Image: Tom Mannion. Christopher Farr x Bethan Laura Wood Jelly Salad, Christopher Farr Editions rug, in lime or lemon jelly (two colourways).
Jelly Salad by Christopher Farr with Bethan Laura Wood
Written by Ruby Wilson
Jelly might be considered the archetypal, artificial, sweet treat. What is perhaps less considered as such is the short-lived fad of ‘Jell-O-Creations’ that reached its height in the 1950s. Examples of this questionable trend include ‘Chicken-Jell-O Salad’ and ‘Lime-Cheese Jell-O-Salad’, which involve the suspension of both chicken and cottage cheese in the wobbly concoction. These Jell-O creations do, however, make for the brilliant subject of Bethan Laura Wood’s 1.2 x 1.8m rug, in collaboration with CF Editions, entitled Jelly Salad.
The subject of the design revolves around food presentation, with an array of abstracted vegetables, including chopped green olives, fringed-edge cucumber, courgettes and peppers presented as if they are suspended in jelly.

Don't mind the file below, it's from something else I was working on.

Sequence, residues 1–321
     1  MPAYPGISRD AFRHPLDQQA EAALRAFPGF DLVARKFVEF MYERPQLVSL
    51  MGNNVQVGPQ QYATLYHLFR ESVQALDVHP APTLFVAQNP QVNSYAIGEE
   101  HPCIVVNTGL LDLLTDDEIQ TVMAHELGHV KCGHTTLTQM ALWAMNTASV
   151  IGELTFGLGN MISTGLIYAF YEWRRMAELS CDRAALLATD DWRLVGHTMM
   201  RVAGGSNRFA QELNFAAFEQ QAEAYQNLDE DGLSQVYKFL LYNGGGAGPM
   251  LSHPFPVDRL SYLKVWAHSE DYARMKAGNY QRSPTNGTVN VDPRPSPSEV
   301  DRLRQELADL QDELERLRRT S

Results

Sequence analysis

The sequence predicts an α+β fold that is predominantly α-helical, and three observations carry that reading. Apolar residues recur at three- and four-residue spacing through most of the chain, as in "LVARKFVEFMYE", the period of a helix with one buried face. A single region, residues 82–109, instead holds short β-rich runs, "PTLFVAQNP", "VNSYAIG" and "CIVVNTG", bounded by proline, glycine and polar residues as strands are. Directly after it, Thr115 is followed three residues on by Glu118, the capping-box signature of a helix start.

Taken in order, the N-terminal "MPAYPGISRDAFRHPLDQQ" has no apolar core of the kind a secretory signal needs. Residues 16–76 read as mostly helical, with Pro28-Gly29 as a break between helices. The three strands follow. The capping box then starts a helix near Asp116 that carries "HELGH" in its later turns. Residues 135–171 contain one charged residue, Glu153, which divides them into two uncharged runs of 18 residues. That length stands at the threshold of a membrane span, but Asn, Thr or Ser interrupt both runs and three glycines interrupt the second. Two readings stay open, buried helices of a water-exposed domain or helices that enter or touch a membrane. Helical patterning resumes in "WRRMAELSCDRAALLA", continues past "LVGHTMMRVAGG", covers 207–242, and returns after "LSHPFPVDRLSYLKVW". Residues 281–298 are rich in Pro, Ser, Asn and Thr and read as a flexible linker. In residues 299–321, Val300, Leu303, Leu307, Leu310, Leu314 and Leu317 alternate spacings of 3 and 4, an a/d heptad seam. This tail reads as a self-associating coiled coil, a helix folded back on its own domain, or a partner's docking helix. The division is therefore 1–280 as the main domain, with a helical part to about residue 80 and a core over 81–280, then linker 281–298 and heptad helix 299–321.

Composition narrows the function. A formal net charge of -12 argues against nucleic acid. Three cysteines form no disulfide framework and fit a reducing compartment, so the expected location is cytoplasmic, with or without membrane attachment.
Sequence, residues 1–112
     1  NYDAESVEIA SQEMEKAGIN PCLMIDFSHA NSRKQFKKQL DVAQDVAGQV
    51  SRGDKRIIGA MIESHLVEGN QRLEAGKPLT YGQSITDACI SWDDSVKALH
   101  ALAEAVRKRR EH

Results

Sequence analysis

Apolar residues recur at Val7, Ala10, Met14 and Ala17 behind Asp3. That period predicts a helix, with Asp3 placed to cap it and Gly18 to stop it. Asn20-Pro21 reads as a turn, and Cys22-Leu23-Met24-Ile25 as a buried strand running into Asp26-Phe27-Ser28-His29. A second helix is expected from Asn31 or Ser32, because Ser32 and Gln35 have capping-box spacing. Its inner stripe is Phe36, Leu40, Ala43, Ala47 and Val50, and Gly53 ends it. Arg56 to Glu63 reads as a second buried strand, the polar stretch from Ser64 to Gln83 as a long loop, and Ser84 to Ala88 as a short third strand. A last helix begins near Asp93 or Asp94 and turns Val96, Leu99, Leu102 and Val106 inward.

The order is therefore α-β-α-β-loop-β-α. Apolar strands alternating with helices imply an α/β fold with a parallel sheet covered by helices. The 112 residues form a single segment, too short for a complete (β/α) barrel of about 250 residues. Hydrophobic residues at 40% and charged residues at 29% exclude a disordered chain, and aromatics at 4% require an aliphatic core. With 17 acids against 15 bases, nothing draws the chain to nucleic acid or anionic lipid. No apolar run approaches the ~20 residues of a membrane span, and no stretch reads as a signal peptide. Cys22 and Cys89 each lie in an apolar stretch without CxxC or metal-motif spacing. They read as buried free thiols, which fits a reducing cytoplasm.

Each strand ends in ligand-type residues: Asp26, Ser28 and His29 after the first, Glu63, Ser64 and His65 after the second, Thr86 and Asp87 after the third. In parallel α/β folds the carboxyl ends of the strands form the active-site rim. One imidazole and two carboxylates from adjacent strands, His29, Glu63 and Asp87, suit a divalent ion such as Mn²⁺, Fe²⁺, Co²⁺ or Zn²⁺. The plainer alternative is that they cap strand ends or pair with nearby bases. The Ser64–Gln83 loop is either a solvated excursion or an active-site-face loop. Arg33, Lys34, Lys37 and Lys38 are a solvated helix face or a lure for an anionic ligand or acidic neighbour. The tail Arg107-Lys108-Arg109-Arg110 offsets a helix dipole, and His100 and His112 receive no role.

Image: Tom Mannion. Christopher Farr x Bethan Laura Wood Jelly Salad Christopher Farr Editions rug, in lime or lemon jelly (two colourways).
The rug was made using the hook rug technique, as suggested by Christopher Farr, because of the non-conformist nature of the piece. A range of heights and textures are created by cutting looped areas made from strips of fabrics. This creates interesting textural definition which lends itself particularly well to the depiction of ‘jell-o-vegetables’. Indeed, it was the curls in the cut fabric that reminded Wood of cabbage, inspiring her to explore food presentation in her work.
The rug is available in two playful colour ways, reflective of the vintage cookbook colour schemes that included so many of these jelly recipes. Such recipes, being frequently depicted in high saturation images, have a particularly futurist look about them, not to mention the floating vegetables! The hook technique lends itself to these curved forms, accurately reflecting the wobbly jelly in a truly multi-dimensional sense.
Image: Christopher Farr Studio. Image courtesy of Christopher Farr.
The rugs, unlike Farr’s typically made-to-order woven products, are available to purchase, as Wood welcomes renewed accessibility to her work. ‘Jelly Salad’ pays homage to the long-standing tradition of weaving whilst depicting the rather short-lived trend of ‘Jell-o-Creations’.
The Jelly-Salad prototype is available to view from the 19 - 24 September at Christopher Farr, from 10:00-18:00 BST, daily.